The Breukelen Life

The Breukelen Life

Food, Yoga and Travel in Brooklyn

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Mission Street Food at the Tribeca Grill

September 29, 2011

Last night I headed to Tribeca Grill for the McSweeney’s Mission Street Food appearance. It was a treat! I love McSweeney’s and even more so, their food coverage. The spreads in Panorama were incredible, full color, and wonderfully excessive in length. Never mind the recent publication of Lucky Peach, which is a treat to the food world.

Needless to say, I was looking forward to the Mission Street Food ‘cookbook’. I was planning on heading to the Greenlight Bookstore chat but when I figured I would probably buy the book ($30) it made more sense to head to one of the other appearances where I would get food, drinks AND the book for $30.

People, as a rule of thumb, always go to the event you pay. While sometimes you may lose, the times you win are well worth it. I will never forget the Amanda Hesser chat at the Roger Smith Hotel where I went in expecting a cheese plate and left with a 5-course meal in my tummy, book in hand. Last night – same deal. P and I were so stuffed by the time we left it was obscene. While the Tribeca Grill wasn’t really set up for a good book chat, it was set up for a constant rolling out of trays and trays of food.

We started out with the crab egg roll. Then came the Peking duck bun. Then the chorizo quesadilla. Then the Bah Mi shrimp sausage roll. Then the hamburger with bacon marmalade. Then the shrimp quesadilla. Then the smoked pork taco. And then about five more crab egg rolls. Those were the best.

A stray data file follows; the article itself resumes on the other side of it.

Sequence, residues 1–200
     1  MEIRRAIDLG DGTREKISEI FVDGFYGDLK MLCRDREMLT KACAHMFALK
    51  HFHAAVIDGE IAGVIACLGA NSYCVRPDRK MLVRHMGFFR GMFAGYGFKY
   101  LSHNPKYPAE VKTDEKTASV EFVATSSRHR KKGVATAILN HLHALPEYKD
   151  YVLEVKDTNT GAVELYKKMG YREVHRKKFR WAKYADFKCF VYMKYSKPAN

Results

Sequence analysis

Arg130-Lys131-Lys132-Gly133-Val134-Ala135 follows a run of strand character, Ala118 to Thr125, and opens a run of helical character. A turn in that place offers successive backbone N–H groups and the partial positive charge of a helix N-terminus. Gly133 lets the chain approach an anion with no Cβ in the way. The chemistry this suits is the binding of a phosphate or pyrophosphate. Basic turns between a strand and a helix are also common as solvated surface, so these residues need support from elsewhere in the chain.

And let’s not forget the generous, generous pours of white wine.

God we were happy campers…

Oh right, the book!

“Mission Street Food: Recipes and Ideas from an Improbable Restaurant” is an unconventional cookbook filled with stories, loads of pictures and some recipes. Mission Street Food started out of a rented taco truck as a hobby. The owners Anthony Myiny and Karen Leibowitz said they had little to lose (only investing $418) but their time. The truck lasted about a month before they had to move into a brick and mortar. Instead of buying a location, they convinced a conventional American Chinese restaurant to share their kitchen and they set up a profit sharing plan that the owners of the restaurant would receive. The rest of the profits? Well, they go to charity.

Overall the hippieness of the whole thing is very San Francisco. While the model they set is great, the free love of it all is almost too much to think about. The NYC mentality took over after a few minutes into the discussion and P and I sat in the back scoffing. All the while, wishing for more crab egg rolls and wondering just how a Chinese family would react HERE if a mixed couple would walk into their place asking to share the kitchen.

Currently, Mission Street food is number 2 on Bon Appétit best 10 restaurants in the country. The menu changes daily and you never know who will be cooking. The restaurant serves as a place of creativity for chefs around the city who come there on an off day to cook for fun. The guest chefs create a menu while Anthony and Karen respond with a menu of their own. I can’t wait to go next time I’m out there.

There will be one more Mission Street Food appearance at Greenlight Books on October 3rd at 7:30. Lucky Peach editor Peter Meehan will be there as well.


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